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Language May Override Innate Human Spatial Cognition

child with blocks



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Whether humans are born with certain innate abilities to understand spatial relationships in the wider world is a question that has troubled thinkers at least as far back as Aristotle. So-called nativists argue for such an innate understanding, whereas others, notably the late Benjamin Whorf, contend that spatial understandings are directed by learned language. By comparing people of different linguistic backgrounds as well as the spatial strategies of small children with the great apes, researchers have found evidence for a middle way: humans do have an innate spatial strategy, but it can be overridden by language.

Daniel Haun of the Max Planck Institute for Psycholinguistics in Nijmegen, the Netherlands, and his colleagues began by testing 12 Dutch adults and 12 roughly eight-year-old children. The team compared them with a similar number of adults and eight-year-olds of the Haikom, a Khoisan hunter-gatherer people in Namibia. A key difference in their languages lies in how they describe space. The Dutch, like most Europeans, rely on so-called egocentric constructions, wherein a space is described from the point of view of the speaker. For example, "The ball is to the left of the tree." The Haikom, on the other hand, typically rely on so-called absolute constructions, wherein a space is described from a viewer-independent directional system. For example, "The ball is to the north of the tree."

The subjects watched as a researcher facing them hid a block under one of five cups; they then attempted to find a similar block under five other cups in front of them. But where their block might be found varied: In the egocentric testing condition, if the researcher placed the block under the leftmost cup closest to him, then it would be found in the leftmost cup closest to the participant. In the object-centered testing condition, the blocks maintained the same relationship to a so-called landmark, such as the experimenter or the screen separating the two sets of cups. Finally, in the geocentric testing condition, if the block was hidden under the northwestern cup facing the researcher, then its counterpart could be found under the northwestern cup facing the subject.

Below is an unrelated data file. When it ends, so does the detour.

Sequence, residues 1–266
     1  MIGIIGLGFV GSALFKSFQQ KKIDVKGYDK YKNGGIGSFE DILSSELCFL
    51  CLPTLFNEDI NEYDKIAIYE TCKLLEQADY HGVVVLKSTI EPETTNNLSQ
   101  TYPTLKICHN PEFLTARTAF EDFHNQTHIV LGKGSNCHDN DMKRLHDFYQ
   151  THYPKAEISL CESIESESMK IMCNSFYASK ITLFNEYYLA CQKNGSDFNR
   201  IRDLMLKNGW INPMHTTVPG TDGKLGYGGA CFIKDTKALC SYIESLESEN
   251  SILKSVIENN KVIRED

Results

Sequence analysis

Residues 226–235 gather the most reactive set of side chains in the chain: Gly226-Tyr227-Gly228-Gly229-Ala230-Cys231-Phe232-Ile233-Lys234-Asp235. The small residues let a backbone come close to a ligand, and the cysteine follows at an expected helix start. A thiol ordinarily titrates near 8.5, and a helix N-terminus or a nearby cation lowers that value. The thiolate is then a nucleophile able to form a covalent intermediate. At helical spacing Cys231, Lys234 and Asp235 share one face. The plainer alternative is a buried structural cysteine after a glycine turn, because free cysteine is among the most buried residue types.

Each subject faced each condition 10 times, and as expected, the Dutch of all ages performed better under relative conditions whereas the Haikom of all ages fared better under geocentric conditions (although the Haikom adults did not do very well under any conditions). "Even though the test might be strange for the Haikom, they still show understanding of the problem and prefer to solve it one way more than another," Haun notes. "The interesting thing that differs between our culture and theirs is the directionality of that preference."

But Haun also extended this experiment to determine if our closest relatives--the great apes--shared an innate preference for one strategy or another. Testing the great apes against 12 German children nearing five years of age, the researchers found that all performed best when the hidden block was found under a cup that maintained the same spatial relationship to the surrounding environment. In fact, only the six orangutans tested performed better than chance in the egocentric condition. Haun concludes that "all genera prefer environment- to self-centered processing of spatial relations" in the paper presenting the findings published online this week in Proceedings of the National Academy of Sciences USA.

Of course, questions remain such as how European language might override an innate preference and why the Haikom adults did not fare better as a result of adhering more closely to this bias. "I think it again has to do with the fact that abstract testing situations are an everyday thing for Europeans and a very strange thing for Haikom," Haun explains. "So here is my prediction: if we tested another culture, with equally limited standardized schooling but egocentric spatial language, they should perform worse than the Haikom. I'll get to it right away." For example, Haun might test the speakers of Kgalagadi, a Bantu language, spoken by people living within a few hundred kilometers of the Haikom. But the answer may not be as simple as one or the other: "I think that both other hominid species and our own likely have several different ways to conceptualize space, which co-exist," notes psychologist Nora Newcombe of Temple University. "For Homo sapiens language tips the balance as to what meaning is emphasized and what meaning is believed to be intended in these testing situations."

"What we need to resolve the debate are experiments that disclose the level of flexibility in our own and other species as a function of task variation," she adds. The simple fact that English readers can parse this discussion of the various spatial strategies involved means we must be able at least to comprehend and employ the different approaches, as is true for most other language speakers. And that might be the universal ability the researchers set out to find: "I will start looking for things which are unique to humans amongst the great apes and universal across cultures," Haun notes. "Universality is very hard to prove, but I'll do my very best."

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